D.C. and Nation Mourn Loss of Transgender Woman Lashai Mclean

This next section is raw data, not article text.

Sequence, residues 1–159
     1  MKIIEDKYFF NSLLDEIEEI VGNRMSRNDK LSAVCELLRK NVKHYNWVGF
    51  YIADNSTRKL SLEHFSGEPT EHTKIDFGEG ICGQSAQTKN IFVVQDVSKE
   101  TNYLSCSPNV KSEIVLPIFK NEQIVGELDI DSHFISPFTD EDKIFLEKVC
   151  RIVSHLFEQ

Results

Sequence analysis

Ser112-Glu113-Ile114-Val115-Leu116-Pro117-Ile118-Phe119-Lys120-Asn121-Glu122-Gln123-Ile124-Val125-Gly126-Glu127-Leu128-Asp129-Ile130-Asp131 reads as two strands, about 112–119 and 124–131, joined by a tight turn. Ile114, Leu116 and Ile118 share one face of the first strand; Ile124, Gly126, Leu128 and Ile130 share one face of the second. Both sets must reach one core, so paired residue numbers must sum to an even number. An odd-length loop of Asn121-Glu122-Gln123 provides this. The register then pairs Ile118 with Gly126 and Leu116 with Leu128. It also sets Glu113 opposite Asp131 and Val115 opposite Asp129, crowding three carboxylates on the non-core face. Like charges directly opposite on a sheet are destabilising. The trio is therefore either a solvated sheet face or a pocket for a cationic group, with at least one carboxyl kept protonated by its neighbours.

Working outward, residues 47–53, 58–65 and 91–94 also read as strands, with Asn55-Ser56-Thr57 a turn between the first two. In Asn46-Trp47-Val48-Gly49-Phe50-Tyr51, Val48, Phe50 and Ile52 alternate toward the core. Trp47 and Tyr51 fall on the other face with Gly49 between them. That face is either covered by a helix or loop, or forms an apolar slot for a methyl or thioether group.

Friends and family came together for a vigil in Washington, D.C., this weekend that celebrated the life of Lashai Mclean, a 23-year-old transgender woman who was tragically shot and killed on Wednesday, July 20. Lashai was with another transgender woman in the very early morning on Wednesday when she was shot in northeast D.C. (Her companion was able to get away.) Lashai was pronounced dead shortly after being transported to a local hospital. Police are still investigating whether they will pursue her murder as a hate crime and have released very little information about the case, other than a brief description of the suspects as “two black males.” Lashai was very active in the LGBT community and in particular with Transgender Health Empowerment (T.H.E.), a D.C. organization that provides resources such as housing, counseling, and HIV testing for transgender and LGB people. Lashai’s vigil was organized by T.H.E. member Earline Budd and a member of the D.C. Trans Coalition, Ruby Corado. “She was so sweet. We want to share her life,” said Corado to Metro Weekly. The candlelight vigil was observed in the evening on Saturday, July 23, near the site of Lashai’s murder, and more than 200 people came out to respect her memory. More than a dozen people spoke, including D.C. Deputy Mayor for Public Safety Paul Quander, who asked the community to speak out against anti-transgender hate. “We are committed to making sure that justice is done, that this life that has touched many of us will be remembered and the life that she led will be remembered,” he said. The National Gay and Lesbian Task Force points out, “Lashai’s murder is a tragic reminder that, just outside the walls where our representatives debate and forge wide-reaching social policy, the capital city itself is home to real people who continue to suffer. … Social stigma and hatred remain an ever-present reminder that the law can only change so much.”  The murder took place just hours before the first Senate hearing in history on the repeal of the so-called "Defense of Marriage Act" (DOMA). Transgender and gender non-conforming people face enormous discrimination everyday. Results from the National Transgender Discrimination Survey released earlier this year shows that transgender people face injustices in housing, health care, employment, and many other areas. Hate crime data released earlier this month show that transgender women constituted 44% of LGBT hate crime victims in the past year, and people of color—like Lashai—constituted 70% of the victims. These numbers only increase for people with low income levels and insufficient access to education--factors which also affected Lashai. Transgender victims of violence encounter even more obstacles. The Washington Blade points out that local D.C. police initially withheld Lashai's actual identity, referring to her by the wrong name and pronouns. In a press release after the murder, the D.C. Trans Coalition condemned this, adding, “While nothing can bring back those we have lost or undo the suffering we share, we can and should confront the daily terror and anxiety that trans and gender non-conforming people face. We can do this by building networks of mutual support and solidarity that sustain our efforts to feel safe and make change…We demand that MPD make finding Lashai’s killer a top priority.” GLAAD mourns Lashai’s death and wishes all the best to her friends, family, and loved ones during this difficult time.